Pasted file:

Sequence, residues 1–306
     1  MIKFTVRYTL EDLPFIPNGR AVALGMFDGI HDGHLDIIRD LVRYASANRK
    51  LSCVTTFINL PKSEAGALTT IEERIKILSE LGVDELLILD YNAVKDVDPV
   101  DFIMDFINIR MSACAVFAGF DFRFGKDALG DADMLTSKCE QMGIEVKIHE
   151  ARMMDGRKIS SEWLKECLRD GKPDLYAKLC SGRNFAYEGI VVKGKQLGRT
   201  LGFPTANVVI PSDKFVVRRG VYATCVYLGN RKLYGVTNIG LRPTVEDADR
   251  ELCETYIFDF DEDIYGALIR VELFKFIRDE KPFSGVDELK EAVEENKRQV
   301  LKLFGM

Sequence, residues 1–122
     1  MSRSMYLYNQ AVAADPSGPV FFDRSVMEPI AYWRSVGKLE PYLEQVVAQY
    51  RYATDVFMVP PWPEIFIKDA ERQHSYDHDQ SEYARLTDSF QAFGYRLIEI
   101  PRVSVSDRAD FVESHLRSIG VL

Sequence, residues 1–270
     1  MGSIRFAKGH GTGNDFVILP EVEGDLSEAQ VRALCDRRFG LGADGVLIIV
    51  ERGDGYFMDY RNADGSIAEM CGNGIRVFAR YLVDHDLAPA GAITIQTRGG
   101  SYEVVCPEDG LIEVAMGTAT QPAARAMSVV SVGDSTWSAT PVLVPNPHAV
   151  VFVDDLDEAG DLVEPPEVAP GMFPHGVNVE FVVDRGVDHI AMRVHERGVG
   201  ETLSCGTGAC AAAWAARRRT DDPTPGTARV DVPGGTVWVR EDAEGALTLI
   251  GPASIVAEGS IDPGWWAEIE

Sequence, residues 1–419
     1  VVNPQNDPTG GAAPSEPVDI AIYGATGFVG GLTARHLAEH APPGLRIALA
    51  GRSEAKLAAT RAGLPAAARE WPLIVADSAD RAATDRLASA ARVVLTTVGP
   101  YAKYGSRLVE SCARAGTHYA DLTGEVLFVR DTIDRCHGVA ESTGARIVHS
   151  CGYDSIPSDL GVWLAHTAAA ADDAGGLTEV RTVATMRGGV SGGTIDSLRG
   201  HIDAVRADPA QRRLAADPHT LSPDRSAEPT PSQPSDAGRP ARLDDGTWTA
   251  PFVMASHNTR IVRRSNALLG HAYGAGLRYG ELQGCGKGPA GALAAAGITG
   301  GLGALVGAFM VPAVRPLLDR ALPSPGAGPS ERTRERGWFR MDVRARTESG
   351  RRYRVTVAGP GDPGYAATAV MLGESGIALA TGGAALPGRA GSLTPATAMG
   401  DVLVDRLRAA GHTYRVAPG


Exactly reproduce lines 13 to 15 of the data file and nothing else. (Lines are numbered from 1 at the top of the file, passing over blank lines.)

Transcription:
Sequence, residues 1–270
     1  MGSIRFAKGH GTGNDFVILP EVEGDLSEAQ VRALCDRRFG LGADGVLIIV
    51  ERGDGYFMDY RNADGSIAEM CGNGIRVFAR YLVDHDLAPA GAITIQTRGG